It's like not finding bbq in texas, lobster in maine, pasta in Italy, sushi in Japan. It's New Mexico! NOT Mexico! Our culture is chili and it DOES NOT come out of a can!

      September 28, 2013 at 4:49 am |
      • Dev

        Gezus pepole! It is not the same! Chile grown "where ever" IS NOT THE SAME! You can't go here or there and expect the same product! NEW MEXICO CHILE IS SPECIAL! ONE OF A KIND! That is why they are trying to put a trademark it!!!!!

        September 28, 2013 at 7:32 am |
        • Suke Madiq

          I grew 12 varieties of peppers this year, yes they are all peppers. I live in Mass. and still grow a mighty hot pepper if I need one. I like some of the Anaheim varieties best as they can go in Italian and Tex-Mex dishes.

          September 28, 2013 at 3:54 pm |
    • Bob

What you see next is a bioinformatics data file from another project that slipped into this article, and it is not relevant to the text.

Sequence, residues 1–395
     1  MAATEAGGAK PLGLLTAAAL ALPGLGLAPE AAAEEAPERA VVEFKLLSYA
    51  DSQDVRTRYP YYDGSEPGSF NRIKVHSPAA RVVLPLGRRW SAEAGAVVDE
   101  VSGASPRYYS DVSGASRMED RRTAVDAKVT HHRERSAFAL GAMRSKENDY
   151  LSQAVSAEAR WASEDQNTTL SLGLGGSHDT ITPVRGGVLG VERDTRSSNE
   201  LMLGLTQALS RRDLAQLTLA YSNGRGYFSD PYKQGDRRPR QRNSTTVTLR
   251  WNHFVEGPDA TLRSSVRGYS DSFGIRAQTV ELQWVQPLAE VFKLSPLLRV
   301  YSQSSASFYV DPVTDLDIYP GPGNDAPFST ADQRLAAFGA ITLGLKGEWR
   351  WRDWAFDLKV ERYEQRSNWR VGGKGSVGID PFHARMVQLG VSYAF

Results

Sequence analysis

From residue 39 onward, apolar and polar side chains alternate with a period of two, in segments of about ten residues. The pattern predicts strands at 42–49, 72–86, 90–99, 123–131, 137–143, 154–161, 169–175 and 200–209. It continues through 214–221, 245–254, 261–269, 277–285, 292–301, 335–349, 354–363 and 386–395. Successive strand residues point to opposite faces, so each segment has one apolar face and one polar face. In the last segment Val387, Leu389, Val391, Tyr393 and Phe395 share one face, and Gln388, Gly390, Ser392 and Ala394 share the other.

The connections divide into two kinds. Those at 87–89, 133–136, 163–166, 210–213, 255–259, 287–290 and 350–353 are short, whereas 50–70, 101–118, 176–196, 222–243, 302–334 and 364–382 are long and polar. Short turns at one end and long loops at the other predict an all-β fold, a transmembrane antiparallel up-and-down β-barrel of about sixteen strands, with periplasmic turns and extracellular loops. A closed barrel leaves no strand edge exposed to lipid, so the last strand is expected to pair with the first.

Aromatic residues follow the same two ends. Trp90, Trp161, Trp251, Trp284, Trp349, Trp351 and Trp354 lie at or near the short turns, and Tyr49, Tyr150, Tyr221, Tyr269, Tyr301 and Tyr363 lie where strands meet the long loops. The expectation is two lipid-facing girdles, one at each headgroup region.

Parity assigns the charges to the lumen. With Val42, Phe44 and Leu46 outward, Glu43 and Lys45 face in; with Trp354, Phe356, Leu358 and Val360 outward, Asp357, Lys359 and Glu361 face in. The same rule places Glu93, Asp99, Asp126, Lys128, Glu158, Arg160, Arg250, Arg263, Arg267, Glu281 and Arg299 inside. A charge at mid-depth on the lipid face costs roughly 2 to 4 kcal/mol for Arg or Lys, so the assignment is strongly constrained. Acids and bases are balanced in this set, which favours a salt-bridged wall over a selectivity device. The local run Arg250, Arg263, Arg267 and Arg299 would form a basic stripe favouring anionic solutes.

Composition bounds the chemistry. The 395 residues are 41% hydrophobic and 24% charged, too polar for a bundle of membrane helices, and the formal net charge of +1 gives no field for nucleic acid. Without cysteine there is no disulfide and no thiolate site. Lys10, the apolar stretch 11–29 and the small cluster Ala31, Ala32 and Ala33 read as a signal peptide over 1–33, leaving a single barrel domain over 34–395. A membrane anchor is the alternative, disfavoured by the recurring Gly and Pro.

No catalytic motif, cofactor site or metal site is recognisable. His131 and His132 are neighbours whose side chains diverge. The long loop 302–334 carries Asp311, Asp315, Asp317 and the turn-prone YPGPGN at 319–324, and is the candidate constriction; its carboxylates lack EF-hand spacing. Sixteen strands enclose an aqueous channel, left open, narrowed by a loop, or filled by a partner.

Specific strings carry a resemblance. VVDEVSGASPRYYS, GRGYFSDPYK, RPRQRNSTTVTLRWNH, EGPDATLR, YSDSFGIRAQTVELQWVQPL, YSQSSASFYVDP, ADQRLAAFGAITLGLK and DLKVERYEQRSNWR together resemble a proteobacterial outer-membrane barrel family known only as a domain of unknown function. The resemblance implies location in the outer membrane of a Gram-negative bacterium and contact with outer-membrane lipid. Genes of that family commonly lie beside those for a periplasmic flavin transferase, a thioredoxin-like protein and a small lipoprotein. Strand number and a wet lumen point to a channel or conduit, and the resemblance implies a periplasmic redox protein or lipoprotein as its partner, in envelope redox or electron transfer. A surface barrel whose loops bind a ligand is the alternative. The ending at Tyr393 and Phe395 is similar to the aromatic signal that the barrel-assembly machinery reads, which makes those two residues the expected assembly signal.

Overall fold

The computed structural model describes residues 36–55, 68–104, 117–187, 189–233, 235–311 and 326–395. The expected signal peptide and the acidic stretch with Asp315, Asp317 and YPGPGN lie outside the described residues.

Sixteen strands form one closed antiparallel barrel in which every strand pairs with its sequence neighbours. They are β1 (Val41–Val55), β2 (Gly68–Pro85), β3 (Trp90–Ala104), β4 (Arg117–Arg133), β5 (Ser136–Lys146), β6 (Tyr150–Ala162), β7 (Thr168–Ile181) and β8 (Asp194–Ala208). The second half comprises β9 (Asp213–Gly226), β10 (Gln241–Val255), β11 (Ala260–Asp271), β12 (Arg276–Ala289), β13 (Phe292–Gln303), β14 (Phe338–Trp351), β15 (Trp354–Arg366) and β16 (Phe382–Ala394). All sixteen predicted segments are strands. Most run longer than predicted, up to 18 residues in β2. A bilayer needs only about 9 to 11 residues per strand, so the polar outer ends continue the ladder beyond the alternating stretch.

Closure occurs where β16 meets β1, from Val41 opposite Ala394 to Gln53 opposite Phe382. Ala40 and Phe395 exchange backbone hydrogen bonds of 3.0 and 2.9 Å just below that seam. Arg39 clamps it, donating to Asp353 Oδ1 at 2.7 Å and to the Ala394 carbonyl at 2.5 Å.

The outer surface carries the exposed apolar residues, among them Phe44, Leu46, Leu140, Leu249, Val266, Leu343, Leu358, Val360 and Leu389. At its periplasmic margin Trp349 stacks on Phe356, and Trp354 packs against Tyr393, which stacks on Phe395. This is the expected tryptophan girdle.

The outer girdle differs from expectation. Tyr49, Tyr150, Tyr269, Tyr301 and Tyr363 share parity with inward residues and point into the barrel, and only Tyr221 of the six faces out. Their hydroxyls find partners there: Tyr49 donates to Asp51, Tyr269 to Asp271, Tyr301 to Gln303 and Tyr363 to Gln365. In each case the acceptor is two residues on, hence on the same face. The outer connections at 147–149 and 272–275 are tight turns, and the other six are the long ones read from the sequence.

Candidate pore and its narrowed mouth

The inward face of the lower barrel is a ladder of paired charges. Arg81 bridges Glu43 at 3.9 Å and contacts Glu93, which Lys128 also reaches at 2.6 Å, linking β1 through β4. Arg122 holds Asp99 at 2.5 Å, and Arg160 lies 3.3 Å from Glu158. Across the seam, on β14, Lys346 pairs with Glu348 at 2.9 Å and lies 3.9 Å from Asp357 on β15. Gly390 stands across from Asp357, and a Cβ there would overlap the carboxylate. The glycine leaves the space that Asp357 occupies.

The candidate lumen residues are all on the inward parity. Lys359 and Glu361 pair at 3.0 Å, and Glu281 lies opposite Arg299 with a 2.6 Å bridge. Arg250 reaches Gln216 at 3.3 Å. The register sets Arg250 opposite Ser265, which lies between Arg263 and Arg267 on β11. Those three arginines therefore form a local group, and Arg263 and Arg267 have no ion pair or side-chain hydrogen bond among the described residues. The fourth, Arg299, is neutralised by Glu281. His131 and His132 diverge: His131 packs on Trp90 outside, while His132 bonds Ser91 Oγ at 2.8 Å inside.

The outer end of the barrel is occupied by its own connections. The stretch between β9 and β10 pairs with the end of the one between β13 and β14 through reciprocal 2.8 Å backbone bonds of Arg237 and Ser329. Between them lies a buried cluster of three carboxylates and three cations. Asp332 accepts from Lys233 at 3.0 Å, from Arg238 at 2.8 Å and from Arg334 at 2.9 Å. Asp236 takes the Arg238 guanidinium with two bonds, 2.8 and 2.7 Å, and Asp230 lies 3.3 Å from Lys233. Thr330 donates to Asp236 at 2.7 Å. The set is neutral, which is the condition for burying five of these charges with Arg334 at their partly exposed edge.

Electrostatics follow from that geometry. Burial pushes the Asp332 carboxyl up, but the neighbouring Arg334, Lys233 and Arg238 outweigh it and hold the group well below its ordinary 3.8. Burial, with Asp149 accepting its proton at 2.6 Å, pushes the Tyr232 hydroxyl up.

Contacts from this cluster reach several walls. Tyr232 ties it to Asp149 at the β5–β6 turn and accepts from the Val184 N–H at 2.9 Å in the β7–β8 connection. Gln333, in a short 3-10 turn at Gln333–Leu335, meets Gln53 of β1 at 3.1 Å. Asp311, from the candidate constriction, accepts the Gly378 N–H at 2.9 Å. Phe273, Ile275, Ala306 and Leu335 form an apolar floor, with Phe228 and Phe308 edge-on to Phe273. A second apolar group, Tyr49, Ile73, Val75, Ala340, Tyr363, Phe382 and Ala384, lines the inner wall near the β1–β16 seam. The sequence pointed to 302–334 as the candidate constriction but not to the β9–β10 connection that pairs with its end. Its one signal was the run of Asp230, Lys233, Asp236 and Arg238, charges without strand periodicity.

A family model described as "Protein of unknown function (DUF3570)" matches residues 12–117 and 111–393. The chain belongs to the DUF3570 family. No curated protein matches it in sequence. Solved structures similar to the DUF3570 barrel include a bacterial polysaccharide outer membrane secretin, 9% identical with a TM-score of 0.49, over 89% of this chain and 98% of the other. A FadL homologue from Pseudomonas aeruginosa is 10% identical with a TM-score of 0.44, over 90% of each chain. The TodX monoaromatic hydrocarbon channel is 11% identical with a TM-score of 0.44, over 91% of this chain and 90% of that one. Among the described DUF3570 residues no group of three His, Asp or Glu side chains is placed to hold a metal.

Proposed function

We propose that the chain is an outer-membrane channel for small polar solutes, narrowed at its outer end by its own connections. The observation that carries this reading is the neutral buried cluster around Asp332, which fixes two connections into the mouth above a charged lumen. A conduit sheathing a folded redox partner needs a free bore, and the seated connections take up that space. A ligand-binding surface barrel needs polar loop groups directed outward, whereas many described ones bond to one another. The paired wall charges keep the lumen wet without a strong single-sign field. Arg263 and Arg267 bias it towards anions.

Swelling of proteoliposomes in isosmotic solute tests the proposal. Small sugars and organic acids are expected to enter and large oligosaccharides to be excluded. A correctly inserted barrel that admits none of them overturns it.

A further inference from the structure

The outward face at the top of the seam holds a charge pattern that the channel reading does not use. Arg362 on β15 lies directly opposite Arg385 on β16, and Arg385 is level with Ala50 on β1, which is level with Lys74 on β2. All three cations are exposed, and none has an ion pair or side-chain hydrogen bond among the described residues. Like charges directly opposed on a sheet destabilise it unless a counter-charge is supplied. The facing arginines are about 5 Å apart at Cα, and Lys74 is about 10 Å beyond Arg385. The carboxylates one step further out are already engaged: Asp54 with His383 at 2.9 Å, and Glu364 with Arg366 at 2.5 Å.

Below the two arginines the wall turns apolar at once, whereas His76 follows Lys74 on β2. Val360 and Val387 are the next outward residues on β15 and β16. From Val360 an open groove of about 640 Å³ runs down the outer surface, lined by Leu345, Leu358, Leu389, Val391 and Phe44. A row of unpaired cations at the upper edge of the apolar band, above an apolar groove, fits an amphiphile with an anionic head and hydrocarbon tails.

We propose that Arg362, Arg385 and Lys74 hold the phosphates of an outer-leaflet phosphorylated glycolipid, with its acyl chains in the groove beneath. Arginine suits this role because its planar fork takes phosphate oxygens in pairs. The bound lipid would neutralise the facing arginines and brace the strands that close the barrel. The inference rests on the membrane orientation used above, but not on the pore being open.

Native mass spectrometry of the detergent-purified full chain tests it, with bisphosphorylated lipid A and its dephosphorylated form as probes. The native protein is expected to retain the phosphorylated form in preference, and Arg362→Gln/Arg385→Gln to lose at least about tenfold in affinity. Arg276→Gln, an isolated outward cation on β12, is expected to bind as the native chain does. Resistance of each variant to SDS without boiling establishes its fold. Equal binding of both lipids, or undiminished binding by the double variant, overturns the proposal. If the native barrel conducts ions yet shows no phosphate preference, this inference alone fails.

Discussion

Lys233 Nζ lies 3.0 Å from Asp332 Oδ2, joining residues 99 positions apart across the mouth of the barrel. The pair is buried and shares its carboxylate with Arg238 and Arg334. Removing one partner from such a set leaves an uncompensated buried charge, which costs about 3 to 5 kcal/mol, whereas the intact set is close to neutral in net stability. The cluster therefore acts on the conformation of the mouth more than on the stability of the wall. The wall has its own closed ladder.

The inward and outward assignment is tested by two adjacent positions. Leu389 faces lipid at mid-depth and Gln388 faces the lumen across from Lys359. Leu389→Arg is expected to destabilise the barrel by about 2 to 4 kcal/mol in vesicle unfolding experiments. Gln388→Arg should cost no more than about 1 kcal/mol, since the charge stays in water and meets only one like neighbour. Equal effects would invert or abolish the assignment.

Sounds like you drove right by Hatch. Next time stop at Sparky's and get a world famous green chile cheeseburger. Well worth the 5 minute detour.

      September 28, 2013 at 1:51 pm |
    • Amber

      What cities did you drive through??

      October 2, 2013 at 3:10 am |
  35. Arileypate

    Depends on the meet. For chicken and turkey I prefer green, but for beef and pork it's definitely red. I lived in NM for 19 years, and there's nothing I've found that comes close in comparison to New Mexican food. I miss it dearly.

    September 27, 2013 at 2:58 pm |
  36. The pretentious who hatie the pretentious....

    I used to like Bourdain, until he turned into the biggest poser, know-nothing hypocrite on the face of the planet. Does having money and wearing a nice watch make a cook's opinions interesting or important?

    "He puts chocolate Easter eggs out in the sun to melt a little, he's a genius!!" :roll:

    September 27, 2013 at 2:56 pm |
  37. Fred Evil

    Neither, yuck!

    September 27, 2013 at 11:44 am |